Deep Bed Farming

Deep Bed Farming (DBF) offers a route to sustainable, effective and modern agriculture. Aftrak aims to lower the barriers to DBF – increasing soil fertility, maximising water retention and mitigating erosion.

In many parts of Malawi – under a few centimetres of topsoil – there is a compacted layer of rock-hard earth, hardpan. Plant roots, water and air cannot penetrate the hardpan – making the soil unfit for agriculture.

Where water can percolate into the ground, it can be stored long after rain has stopped falling. In areas of hardpan, this doesn’t happen. Instead, the water runs off the surface, taking much of the healthy topsoil with it. Devastating soil erosion can destroy soil fertility.

In 2016, the United Nations’ Food and Agriculture Organisation (FAO) estimated that the average national soil loss rate in Malawi was 29 tons per hectare per year. This helps to explain why Malawi is one of the world’s poorest countries – and why hunger is so common.

DBF offers a significant approach to addressing this challenge.

What is Deep Bed Farming?

Deep Bed Farming is a three-stage process that combats the devastating impacts of hardpan.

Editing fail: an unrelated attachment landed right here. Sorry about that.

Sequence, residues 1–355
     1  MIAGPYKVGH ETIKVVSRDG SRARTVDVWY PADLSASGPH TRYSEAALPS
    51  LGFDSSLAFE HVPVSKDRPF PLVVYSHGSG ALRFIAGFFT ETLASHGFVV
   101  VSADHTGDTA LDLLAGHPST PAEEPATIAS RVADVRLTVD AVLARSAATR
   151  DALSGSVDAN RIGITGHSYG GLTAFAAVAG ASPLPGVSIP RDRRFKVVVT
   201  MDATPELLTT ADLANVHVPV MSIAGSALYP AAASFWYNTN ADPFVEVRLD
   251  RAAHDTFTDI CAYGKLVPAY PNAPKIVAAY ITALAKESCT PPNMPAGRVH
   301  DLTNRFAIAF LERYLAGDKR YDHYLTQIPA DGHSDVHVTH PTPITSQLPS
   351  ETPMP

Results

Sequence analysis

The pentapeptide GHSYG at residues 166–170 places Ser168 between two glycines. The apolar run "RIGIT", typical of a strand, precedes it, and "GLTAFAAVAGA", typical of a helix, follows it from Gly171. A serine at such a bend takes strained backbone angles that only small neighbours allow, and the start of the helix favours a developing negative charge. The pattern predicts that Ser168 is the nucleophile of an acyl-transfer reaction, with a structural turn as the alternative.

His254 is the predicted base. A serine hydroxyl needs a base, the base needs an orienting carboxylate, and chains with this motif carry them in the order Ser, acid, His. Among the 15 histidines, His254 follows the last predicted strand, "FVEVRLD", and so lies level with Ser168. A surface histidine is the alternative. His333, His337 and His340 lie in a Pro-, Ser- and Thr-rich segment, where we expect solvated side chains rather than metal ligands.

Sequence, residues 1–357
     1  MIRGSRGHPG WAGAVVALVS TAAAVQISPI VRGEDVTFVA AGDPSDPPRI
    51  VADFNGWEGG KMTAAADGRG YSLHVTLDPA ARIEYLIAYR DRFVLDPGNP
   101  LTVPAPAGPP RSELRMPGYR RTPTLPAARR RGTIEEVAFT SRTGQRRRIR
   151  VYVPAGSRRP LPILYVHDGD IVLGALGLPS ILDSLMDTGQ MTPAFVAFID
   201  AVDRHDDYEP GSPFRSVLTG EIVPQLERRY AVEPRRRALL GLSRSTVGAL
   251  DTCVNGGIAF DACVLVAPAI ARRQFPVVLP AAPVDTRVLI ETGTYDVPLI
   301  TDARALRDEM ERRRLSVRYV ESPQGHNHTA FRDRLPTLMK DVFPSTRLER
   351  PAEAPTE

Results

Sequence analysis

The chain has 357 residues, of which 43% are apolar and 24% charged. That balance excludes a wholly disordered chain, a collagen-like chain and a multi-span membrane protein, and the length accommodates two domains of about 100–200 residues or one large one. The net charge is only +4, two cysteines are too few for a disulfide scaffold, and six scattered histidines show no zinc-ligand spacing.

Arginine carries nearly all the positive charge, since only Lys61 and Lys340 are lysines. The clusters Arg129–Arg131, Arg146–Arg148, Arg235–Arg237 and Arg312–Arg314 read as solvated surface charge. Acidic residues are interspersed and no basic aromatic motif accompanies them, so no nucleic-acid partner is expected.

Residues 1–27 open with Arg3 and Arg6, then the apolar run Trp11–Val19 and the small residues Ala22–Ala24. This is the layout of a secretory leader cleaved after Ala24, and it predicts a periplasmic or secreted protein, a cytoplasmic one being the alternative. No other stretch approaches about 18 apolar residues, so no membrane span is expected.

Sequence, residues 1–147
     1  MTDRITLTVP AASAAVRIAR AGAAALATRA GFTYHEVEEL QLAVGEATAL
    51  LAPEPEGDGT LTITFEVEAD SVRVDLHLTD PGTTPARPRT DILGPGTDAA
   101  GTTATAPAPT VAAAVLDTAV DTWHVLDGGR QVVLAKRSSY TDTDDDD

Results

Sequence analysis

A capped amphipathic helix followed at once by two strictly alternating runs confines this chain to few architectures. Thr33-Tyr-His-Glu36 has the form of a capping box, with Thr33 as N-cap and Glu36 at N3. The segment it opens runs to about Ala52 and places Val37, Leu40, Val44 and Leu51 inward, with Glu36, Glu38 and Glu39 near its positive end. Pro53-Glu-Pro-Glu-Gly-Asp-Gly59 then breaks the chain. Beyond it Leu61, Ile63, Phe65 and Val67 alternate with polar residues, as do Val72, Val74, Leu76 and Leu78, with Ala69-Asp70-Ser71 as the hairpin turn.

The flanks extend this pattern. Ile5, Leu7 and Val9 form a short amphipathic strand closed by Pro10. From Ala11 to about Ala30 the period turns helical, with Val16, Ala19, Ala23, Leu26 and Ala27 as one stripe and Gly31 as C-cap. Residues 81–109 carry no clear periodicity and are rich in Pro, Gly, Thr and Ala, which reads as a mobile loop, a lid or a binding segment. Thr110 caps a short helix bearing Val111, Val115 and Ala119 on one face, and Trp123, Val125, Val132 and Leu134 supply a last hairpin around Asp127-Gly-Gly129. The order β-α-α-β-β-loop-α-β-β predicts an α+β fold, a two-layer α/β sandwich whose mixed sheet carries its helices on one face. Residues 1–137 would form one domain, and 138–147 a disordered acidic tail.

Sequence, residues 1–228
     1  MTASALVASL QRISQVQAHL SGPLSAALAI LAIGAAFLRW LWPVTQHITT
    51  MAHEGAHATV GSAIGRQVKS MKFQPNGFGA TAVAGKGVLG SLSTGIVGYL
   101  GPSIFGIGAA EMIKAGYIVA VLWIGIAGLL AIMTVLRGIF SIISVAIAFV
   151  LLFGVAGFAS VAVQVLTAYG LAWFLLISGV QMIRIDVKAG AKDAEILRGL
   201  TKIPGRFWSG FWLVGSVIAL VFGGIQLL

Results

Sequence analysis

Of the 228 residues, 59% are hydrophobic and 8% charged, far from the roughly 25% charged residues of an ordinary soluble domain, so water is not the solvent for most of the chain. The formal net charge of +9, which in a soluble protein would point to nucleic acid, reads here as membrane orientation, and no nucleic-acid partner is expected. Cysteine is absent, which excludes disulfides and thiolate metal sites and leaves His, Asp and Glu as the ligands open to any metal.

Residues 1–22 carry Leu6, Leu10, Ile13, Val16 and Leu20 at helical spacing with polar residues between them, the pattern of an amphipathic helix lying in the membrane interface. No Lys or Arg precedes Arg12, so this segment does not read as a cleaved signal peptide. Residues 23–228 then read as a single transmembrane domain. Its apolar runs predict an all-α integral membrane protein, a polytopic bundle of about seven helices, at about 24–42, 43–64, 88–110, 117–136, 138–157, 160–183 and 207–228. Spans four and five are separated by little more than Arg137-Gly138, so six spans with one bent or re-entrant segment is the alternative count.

A group of people, talking and preparing to break up the hardpan with pickaxes

Step One – Destroy the hardpan

The compacted hardpan is broken up with a pickaxe – delivering powerful and immediate benefits:

  • roots, water and air can penetrate the soil
  • soil erosion is curbed or halted
  • deep and healthy organic soils start to develop
A field of DBF, showing the water ditches full of rainwater

Step two – Create the deep beds

These are designed to:

  • minimise water runoff and maximise water retention
  • prevent a new compacted layer developing

The deep beds are never walked again, preventing the return of hardpan, and a ditch runs alongside each ridge, collecting and damming rainwater.

A field of healthy maize crops

Step three – The results

Tiyeni’s methods have helped many farmers in Malawi to achieve food security - and, to date:

  • the increased crop yields have been consistent, year on year
  • after the first laborious pickaxing, there has been no need to break up the hardpan again - farmers enjoy no-till farming

DBF has been shown to increase maize yield from about 1.7 tonnes per hectare to over 8.0 tonnes per hectare. Where maize is grown with other crops, DBF increases the yield of both.